3. A word unto these that are brought unto this resolution in the text, that though they have apprehended themselves to be cast out of God's sight, yet are resolved to look, and to look again towards God's holy temple. Is this your work? Is this your resolution ? O then, the blessing of God will attend this work. O look not to man, nor angels, nor creatures ; look not to ministers ; look not to your duties, nor your frămés : look to God's holy temple. Look to it notwithstanding all the difficulties that may be in your way: pursue your resolutions : a firm resolution may do much. The mariner sets out at such a port; his resolution is

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to go to such another port; his resolution carries him to the haven, although he meet with storms in the way; many storms that might have set him quite back: yet the man pursues his resolution : and at last comes to the desired haven. Has God wrought such a resolution in you, as to look to his temple? O pursue the resolution, and that will bring you to the desired haven at last. Looking to the Lord Jesus Christ, living on him, resting upon him. O look to the temple where God dwells: there is enough for you in God's holy temple. Although unbelief may have a great ascendant over you, and make you say, “ I am cast out of thy sight;" yet, notwithstanding of this, faith acted upon the Lord Jesus Christ will be relief unto you, when your way is like that of Jonah's here. “ Yet will I look again towards thy holy temple." Amen.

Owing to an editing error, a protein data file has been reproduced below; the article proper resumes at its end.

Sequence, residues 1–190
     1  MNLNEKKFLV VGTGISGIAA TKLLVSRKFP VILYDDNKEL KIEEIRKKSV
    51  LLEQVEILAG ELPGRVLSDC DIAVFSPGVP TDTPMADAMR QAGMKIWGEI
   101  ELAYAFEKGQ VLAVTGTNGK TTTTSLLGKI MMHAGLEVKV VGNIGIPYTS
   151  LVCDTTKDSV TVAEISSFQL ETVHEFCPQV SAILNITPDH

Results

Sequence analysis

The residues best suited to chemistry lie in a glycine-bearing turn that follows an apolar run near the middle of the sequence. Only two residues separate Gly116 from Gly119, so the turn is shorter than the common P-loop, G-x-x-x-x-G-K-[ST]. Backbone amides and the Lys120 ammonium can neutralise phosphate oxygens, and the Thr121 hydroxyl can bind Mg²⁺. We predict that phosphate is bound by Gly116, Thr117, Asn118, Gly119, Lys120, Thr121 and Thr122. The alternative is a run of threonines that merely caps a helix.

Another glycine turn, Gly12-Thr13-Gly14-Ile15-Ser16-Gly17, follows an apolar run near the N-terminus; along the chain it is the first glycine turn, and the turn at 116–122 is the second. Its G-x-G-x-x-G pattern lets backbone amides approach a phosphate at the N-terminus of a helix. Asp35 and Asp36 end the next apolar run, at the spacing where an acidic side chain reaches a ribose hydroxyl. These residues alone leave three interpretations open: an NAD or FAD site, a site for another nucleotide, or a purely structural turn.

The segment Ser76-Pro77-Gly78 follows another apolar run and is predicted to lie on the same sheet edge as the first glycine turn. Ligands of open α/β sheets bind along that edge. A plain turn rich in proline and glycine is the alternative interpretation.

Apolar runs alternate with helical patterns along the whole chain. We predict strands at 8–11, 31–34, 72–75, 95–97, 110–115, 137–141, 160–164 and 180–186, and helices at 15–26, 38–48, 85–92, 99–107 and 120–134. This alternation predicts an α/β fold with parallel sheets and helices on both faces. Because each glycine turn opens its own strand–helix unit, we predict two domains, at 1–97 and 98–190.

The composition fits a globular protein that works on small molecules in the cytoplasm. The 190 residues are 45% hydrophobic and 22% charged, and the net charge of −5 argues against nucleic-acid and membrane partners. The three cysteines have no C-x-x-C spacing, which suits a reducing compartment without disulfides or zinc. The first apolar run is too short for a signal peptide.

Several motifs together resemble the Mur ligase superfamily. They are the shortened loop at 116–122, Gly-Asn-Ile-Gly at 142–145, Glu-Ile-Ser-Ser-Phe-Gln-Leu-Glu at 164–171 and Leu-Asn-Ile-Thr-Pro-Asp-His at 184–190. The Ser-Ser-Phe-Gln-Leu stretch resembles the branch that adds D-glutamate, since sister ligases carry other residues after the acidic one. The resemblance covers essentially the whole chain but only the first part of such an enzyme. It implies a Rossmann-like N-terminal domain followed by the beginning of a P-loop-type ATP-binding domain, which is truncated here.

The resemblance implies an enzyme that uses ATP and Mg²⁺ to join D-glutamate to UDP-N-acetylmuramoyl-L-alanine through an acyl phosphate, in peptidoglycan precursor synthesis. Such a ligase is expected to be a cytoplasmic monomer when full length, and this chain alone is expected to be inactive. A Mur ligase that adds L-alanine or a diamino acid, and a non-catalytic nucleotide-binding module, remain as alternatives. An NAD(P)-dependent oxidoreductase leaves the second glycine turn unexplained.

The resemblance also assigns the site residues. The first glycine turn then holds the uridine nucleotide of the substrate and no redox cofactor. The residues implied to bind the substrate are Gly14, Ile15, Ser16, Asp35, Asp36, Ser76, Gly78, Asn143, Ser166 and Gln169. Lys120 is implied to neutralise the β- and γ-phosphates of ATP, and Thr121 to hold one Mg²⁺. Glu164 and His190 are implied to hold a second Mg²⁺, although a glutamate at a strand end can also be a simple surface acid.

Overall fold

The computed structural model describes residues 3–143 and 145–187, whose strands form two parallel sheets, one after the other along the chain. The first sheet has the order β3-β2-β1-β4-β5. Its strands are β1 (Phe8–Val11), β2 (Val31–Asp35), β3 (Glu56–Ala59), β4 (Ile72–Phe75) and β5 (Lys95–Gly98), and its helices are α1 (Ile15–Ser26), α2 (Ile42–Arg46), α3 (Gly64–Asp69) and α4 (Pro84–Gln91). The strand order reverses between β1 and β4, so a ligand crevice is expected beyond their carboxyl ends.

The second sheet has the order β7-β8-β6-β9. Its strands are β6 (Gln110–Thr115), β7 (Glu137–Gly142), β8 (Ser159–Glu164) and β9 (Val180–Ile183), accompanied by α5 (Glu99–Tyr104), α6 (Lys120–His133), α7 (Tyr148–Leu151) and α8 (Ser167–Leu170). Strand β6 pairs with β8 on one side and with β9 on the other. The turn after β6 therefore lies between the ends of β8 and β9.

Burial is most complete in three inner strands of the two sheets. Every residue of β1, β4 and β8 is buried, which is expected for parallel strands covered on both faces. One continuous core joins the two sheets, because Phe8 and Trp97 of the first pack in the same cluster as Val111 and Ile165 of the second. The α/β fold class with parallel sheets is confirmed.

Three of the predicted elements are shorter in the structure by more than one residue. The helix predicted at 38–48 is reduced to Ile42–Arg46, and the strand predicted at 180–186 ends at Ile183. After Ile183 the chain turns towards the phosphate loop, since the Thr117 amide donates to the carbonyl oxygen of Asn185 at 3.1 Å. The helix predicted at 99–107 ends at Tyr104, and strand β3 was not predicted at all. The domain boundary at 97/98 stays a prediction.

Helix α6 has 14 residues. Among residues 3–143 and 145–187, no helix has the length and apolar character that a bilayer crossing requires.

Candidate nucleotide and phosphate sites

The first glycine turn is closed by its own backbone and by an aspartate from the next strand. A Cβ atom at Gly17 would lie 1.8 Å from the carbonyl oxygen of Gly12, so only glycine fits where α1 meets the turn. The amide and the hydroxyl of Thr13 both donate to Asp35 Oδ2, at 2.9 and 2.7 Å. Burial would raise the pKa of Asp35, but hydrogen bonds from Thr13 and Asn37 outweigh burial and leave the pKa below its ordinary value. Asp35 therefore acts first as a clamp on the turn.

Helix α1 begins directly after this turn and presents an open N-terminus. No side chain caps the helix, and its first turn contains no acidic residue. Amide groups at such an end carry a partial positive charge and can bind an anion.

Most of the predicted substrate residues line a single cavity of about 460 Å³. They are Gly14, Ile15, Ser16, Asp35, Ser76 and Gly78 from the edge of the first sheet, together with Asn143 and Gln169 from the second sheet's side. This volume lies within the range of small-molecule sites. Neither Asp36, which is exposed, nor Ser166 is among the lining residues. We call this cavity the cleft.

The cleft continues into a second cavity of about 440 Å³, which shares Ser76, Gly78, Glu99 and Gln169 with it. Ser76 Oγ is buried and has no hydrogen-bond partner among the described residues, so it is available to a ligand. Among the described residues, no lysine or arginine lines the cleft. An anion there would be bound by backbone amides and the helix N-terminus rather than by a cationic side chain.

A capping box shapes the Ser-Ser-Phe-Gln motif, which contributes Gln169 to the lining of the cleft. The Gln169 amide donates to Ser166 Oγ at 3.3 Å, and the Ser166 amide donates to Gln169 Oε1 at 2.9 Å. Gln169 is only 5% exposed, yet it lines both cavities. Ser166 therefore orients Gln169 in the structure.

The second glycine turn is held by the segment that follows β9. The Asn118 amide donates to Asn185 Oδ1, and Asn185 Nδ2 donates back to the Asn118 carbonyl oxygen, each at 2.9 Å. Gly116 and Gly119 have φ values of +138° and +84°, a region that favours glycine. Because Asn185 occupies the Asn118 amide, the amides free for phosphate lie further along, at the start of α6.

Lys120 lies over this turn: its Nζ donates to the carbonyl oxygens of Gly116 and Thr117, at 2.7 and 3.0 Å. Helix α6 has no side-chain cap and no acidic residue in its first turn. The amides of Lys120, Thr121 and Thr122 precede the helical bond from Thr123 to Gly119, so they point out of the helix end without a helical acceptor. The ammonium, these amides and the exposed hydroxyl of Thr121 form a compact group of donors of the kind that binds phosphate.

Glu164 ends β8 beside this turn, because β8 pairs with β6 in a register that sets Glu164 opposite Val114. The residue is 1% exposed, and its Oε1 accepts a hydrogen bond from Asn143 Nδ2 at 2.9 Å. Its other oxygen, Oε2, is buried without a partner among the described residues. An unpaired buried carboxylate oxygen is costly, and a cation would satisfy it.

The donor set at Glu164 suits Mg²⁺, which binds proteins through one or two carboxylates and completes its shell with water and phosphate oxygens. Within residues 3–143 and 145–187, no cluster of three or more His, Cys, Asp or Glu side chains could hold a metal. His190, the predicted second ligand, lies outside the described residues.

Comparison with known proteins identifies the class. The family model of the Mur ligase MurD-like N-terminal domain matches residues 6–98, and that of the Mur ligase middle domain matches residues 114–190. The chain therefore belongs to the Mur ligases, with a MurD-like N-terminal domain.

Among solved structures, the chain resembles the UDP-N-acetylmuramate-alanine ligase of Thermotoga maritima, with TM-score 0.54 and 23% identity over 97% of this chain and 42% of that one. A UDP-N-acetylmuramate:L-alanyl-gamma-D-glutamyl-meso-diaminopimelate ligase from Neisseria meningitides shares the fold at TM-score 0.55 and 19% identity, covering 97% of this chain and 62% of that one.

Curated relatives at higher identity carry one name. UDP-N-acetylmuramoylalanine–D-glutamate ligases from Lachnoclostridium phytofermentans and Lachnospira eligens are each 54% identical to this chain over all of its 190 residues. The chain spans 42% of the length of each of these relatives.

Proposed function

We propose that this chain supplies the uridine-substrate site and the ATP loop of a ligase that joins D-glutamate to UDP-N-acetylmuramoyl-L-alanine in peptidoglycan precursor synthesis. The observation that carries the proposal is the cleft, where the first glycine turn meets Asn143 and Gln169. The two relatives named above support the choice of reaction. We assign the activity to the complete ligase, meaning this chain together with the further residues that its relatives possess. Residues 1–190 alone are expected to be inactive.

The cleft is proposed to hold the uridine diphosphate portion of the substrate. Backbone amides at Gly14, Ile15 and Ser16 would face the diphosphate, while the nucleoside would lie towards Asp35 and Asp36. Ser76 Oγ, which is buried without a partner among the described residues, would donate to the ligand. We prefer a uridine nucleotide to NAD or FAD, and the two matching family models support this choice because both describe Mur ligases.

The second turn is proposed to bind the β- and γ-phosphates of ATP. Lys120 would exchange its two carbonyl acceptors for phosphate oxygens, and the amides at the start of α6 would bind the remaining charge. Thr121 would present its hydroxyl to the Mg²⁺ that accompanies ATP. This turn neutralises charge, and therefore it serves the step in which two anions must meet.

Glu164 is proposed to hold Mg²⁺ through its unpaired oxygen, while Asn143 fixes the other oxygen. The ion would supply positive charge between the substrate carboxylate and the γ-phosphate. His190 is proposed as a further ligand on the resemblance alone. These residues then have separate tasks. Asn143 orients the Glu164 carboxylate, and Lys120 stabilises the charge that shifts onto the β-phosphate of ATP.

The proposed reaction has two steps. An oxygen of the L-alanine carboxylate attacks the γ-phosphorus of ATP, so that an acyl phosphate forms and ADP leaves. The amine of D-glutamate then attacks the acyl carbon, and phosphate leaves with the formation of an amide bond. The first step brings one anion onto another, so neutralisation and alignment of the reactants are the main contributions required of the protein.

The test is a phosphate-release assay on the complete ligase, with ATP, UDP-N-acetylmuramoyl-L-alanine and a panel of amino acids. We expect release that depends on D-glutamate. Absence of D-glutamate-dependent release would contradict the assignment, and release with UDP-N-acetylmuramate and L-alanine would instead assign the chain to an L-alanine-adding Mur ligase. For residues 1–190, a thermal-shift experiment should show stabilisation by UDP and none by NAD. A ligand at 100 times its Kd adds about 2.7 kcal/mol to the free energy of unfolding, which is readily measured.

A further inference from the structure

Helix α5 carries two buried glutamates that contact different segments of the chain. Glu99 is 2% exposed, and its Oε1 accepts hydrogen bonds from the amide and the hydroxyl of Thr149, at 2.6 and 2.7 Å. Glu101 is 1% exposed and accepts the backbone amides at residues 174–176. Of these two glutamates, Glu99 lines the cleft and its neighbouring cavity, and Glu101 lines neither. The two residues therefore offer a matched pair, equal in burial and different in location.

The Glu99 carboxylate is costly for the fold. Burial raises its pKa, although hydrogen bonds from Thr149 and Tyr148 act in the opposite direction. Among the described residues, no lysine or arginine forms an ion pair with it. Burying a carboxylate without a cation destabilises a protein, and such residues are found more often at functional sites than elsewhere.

The INVASION attempted on Mr EBSKINE's Pulpit and

Ministry, by Mr HENRY HARDIE, Minister in Culross, and by appointment of the Presbytery of Dunfermline, Sabbath, June 6th, 1742. Read publicly

to the Congregation. WHEREAS I understand, that the pretended Presby. tery of Dunfermline did, on Wednesday last, appoint that my pulpit should be henceforth occupied by other ministers and preachers than myself: and that, in prosecution of that appointment, Mr Henry Hardie, minister in Culross, has adventured to take possession thereof, in order to the excluding of me from the exercise of my ministry therein ; and in regard that I judge there are many who are not aware of the iniquity that is involved in this invasion made upon my pulpit, and intrusion made upon this congregation: Therefore I reckon myself obliged, by virtue of my ministerial office, as a watchman set upon the walls of the city of God here, to give warning to the people of this congregation of the sin and danger that attends this incroachment upon my ministerial labours ; that they may not involve themselves in the guilt of supporting, owning, or countenancing the said intrusion and invasion; and, in order to this, I shall briefly notice the rise and spring of this violent obtrusion.

The pretended General Assembly, that met in the year 1740, having passed a sentence against eight ministers, whereby they pretended to depose them, in the manner expressed in their act; and this not for any error in their doctrine, nor immorality in their practice, nor negligence in their ministy, the said Assembly themselves being judges; but merely because they were endeavouring to fulfil that ministry which they had received of the Lord, by bearing a judicial testimony to Scotland's covenanted reformation, in doctrine, worship, discipline, and Presbyterial church-government, against that stream of defection and backsliding that was running through the land, and particularly among the ministers and judicatories of the present establishment; the said Presbytery of Dunfermline have now thought fit to sustain themselves executioners of this unjust sentence, by appointing my charge to be supplied, and my pulpit to be invaded; I do therefore give my testimony, in the name and authority of our Lord Jesus Christ, against this deed of the Presbytery of Dunfermline.---And this I do, for the following grounds and reasons.